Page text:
How can location based social networking help my business?

Gone are the days of an organisation having total control over the marketing information that is placed on websites. What if I told you that the majority of your companies marketing was done by people outside of the organisation. Scared?

Image provided by Renjith Krishnan

With the bust a number of start up companies went under. This forced IT professionals to develop new models to making the internet profitable. A new revolution of how users would engage the internet was born. The era of Web 2.0 had arrived. Web 2.0 applications provided a platform that enabled collaboration and empowerment to its users.

This paradigm has been coined Harnessing the Collective Intelligence by Tim O’Reilly. There are two key principles that allow this process to prosper. The first key principle is that the users add value. Through the users participation on the web 2.0 platform by creating content, uploading and sharing their ideas and thoughts they are can both directly and indirectly add value.

The second principle is that network effects magnify this value.

Web 2.0 thrives on network effects: databases that get richer the more people interact with them, applications that are smarter the more people use them, marketing that is driven by user stories and experiences, and applications that interact with each other to form a broader computing platform.

By involving users both implicitly and explicitly the interaction will become more meaningful and enjoyable. Web 2.0 technologies should facilitate emergence by allowing the particular application to transform to suit the users needs. The ability for the application to be fluid and less structured will enhance the experience by the users. Web 2.0 applications have been developed to allow users to create web pages and content with little or no understanding of HTML.


Foursquare is a location-based social networking service which is avaliable on smart phones to allow its users to “check-in” to venues they are currently at. This allows users to share their current location with other users they are connected with their foursquare account. There is also a game aspect to the service which allows users to receive reward points and “badges” for each check-in they do. For users check-in the most to a venue, become the “mayor” of that location. Users are also able to leave comments on a particular location they have check-in at. Some businesses have embrassed this social networking service by providing specials and discounts to the “mayor” or other users of foursquare.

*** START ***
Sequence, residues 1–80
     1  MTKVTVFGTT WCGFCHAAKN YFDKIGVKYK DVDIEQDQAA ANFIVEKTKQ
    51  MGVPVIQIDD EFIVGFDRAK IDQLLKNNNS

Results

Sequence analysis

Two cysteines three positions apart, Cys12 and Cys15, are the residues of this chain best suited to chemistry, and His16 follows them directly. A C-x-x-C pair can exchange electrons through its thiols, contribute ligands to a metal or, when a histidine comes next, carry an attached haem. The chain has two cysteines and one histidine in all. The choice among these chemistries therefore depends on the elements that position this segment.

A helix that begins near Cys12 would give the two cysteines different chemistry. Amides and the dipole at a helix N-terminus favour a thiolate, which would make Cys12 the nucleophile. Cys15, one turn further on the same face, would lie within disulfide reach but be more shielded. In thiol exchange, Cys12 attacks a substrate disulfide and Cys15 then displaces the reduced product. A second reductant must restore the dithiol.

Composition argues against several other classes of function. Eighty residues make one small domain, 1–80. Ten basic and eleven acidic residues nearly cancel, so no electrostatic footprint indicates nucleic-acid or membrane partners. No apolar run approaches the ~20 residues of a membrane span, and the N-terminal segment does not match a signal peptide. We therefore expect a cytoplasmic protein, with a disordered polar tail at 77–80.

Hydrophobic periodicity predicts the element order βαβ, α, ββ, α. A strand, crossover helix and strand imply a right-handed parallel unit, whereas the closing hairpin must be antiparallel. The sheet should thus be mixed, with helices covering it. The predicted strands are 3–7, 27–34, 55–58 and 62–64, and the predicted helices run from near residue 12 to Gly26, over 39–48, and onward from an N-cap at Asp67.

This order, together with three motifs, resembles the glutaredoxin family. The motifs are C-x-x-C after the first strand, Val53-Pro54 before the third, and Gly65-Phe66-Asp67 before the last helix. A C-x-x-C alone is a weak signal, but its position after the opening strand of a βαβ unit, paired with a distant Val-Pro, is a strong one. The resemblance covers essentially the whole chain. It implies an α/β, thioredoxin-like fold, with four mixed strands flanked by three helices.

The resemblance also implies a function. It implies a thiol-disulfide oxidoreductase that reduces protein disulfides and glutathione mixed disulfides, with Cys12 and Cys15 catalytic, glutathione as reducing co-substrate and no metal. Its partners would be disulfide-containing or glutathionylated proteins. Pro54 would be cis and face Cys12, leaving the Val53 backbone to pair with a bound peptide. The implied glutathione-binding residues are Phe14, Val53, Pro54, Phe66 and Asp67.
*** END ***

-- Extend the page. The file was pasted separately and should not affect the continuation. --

Businesses have seen the advantages of customers using foursquare as it shares their business name with other users of the platform and lets them know if they frequent a particular location (eg: coffee shop) which in turn may attract further foursquare members to visit, especially if a positive comment is left

The face of buisness marketing has changed with the use of social media. The inaugural Nielsen-Community Engine 2010 Social Media Business Benchmarking Study found that 70 per cent of all Australian businesses intend conducting some form of social media activity this year, compared with just 40 per cent in 2008. (read more here).

Users that connect on platforms such as foursquare can read people’s personal opinions on a particular business which could influence a customer’s decision more than having that customer exposed to a traditional marketing campaign.

Businesses need to use platforms such as foursquare to connect with these niche markets to discover what the perception is of their buisness. It is a great source of information and is another way that businesses can market to a specific customer base.

  1. May 31, 2011 at 8:49 pm

    Foursquare sure did harness the wisdom of the crowds. Imagine back to the era a site trying to get something started like Foursquare. It would of been thought as an impossible feat that would take tons of man hours in cold calling and walking up to every local business in a given area and educating them on what it is exactly you do (Might also be nice to note that without mobile devices it would of never took off anyway.) Companies start offered loyalty card programs in rewarding frequent customers but theses loyalty cards were often ran by the local store themselves, rarely was it corporate.

    Now how did Foursquare get so many businesses inputted in such a short amount of time requiring minimal effort in task. They treated the service as a game, the more places you added and check-in too, the more badges you get and so on. These badges were a sign of comparing yourself to your friends, who explored more. It became a competition. In doing so, the ordinary person is the one imputing their favorite local hangouts into the application. Once the service got popularity, local businesses started investigating to see what it was all about, and wallah… That’s when things started to really kick off.

    It’s awesome how in todays time all it takes is two people, a little start up cash and the wisdom of the crowds to create the next global phenomenon. For Foursquare, it’s brilliant strategy at letting the ordinary user be the ones to input the business. Then Foursquare can go out and send promotional flyers to those businesses looking to offer deals etc…

    Great blog, very nicely written.

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